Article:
(Kill Rock Stars)
Mecca Normal's new album, The Observer, is hard to listen to. Not for the usual reasons--I don't mean it sucks. What makes it tough going is the same thing that makes it great: subtitled "A Portrait of the Artist Online Dating," it's so mercilessly honest and personal it's hard to believe it can exist in the pop-music marketplace. A concept album about Jean Smith's romantic life as a single woman of 45, it develops a grim, intimate picture of the solitary struggle for connection that doesn't go easy on anyone--not Smith, not the men she dates, and certainly not the audience.
The pop canon is full of songs about romantic longings and failures, so that we've been conditioned to expect certain story arcs, delivered in each genre's codified language--blues and its back-door men, hip-hop and its baby mamas, rock and its lonely motel rooms. There's pleasure in having our sufferings and hopes reaffirmed, however approximately, by such archetypes. But Mecca Normal, the Vancouver duo of Smith and guitarist David Lester, have spent two decades hammering away at the musical and social conventions that mainstream culture goads us toward as listeners and as people. They're overtly political artists--anarchist-feminists both, they've developed a traveling workshop called "How Art and Music Can Change the World"--and their loose, abrasive, drumless songs don't rest easily in any genre. And even coming from them The Observer is startling.
When we listen to music it's natural to try to relate to the singer's experience or inhabit it as our own, but getting invited along on Smith's blind dates and hookups is discomfiting to say the least--as a storyteller, she skips the niceties and just plunks everything down on the table. "He tries to put the condom on / He curses / I try to see what he is doing," she sings in her low, acidic croon. "But I'm pinned beneath him / I hear him stretching the condom like he's making a balloon animal."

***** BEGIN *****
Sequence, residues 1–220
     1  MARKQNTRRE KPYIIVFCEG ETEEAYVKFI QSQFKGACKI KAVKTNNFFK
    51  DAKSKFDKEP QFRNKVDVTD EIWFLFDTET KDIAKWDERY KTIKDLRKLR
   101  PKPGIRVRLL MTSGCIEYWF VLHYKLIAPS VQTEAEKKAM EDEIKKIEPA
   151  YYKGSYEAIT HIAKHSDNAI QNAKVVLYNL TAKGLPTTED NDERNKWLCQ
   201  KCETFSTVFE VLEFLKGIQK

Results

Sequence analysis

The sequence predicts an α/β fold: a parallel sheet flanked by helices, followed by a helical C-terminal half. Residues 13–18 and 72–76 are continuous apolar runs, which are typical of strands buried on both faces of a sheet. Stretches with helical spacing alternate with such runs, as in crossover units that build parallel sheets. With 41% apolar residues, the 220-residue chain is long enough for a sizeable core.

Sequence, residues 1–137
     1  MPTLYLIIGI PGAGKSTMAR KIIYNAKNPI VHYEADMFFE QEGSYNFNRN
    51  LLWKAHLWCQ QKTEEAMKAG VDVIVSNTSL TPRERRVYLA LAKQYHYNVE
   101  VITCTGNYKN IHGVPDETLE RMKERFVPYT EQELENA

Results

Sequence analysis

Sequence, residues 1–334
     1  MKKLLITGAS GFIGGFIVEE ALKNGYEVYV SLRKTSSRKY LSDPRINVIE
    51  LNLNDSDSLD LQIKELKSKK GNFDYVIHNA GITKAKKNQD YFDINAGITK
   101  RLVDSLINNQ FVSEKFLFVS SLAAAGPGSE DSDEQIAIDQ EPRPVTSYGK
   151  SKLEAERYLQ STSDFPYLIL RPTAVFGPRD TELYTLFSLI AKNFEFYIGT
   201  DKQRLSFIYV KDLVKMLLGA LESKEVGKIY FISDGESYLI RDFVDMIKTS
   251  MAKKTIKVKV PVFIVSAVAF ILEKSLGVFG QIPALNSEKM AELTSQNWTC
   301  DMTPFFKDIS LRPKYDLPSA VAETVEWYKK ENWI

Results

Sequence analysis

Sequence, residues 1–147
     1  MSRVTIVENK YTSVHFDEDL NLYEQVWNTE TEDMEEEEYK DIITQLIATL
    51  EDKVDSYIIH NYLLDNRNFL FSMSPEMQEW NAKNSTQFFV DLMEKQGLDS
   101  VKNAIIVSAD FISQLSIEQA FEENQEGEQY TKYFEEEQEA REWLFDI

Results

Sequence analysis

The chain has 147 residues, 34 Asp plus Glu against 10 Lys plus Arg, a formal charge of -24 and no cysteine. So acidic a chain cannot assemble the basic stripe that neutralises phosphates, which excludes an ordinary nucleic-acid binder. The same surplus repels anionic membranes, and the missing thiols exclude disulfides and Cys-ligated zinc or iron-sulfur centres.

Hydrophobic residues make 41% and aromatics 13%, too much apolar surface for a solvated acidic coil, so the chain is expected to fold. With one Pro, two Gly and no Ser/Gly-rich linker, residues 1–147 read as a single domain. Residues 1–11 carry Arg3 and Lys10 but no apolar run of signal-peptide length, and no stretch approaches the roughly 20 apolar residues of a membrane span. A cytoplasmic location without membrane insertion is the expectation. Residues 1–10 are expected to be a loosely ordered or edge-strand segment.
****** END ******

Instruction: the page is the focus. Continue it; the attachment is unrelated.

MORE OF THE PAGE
All but a couple of the album's 12 songs are connected to its basic theme of relationships between the sexes, and half are diaristic synopses of actual dates Smith went on with men she met at Lavalife.com. She's a keen, literate lyricist, prosy rather than melodic--right now she's at work on her fourth novel--and her attention to detail and detached, acerbic tone make The Observer a particularly apt title. Though each diary song is a separate scene, with each man allowed his own particulars, they're unified by Smith's blunt portrayal of herself--we learn about her as a date, not just an artist, and she makes a messy, inconsistent impression, veering from cynical and judgmental to petulant and needy.
On the album's centerpiece, the 12-minute "Fallen Skier," she skips between snippets of dinner conversation and an internal monologue about her date, a 47-year-old student and recovering addict who describes himself as a "fallen waiter/ski bum/party guy." From the moment she says "guy," drawing it out and accenting the word, you can tell she's mocking him. She repeats his story without sympathy, sounding frustrated, almost disgusted: "I feel I'm with a boy, a very young boy / He's only been away from home for 27 years / Only 27 summers, 27 winters / Partying and skiing / I guess that's why he hasn't gotten anything together yet / I don't think he realizes it, but his life has gotten away from him." When he seems concerned that her band might play hardcore punk, she makes a half-indignant aside that lightens the mood: "I stand, a middle-aged woman in a fantastically subtle silk jacket / Hush Puppies / Curly hair blowing in the wind / And this guy's fretting over the possibility / That I'm actually Henry Rollins." But almost immediately her complaints begin to boomerang, telling us as much about her as they do about him. "He never asked the name of my band," she says, "never tried to touch me." Suddenly she sounds vulnerable, even wounded--though her date's clearly wrong for her, she can't keep herself from wanting to be interesting and desirable to him. When she hugs him good-bye at the end of their chemistry-free evening, it's unclear which one of them she's trying to console.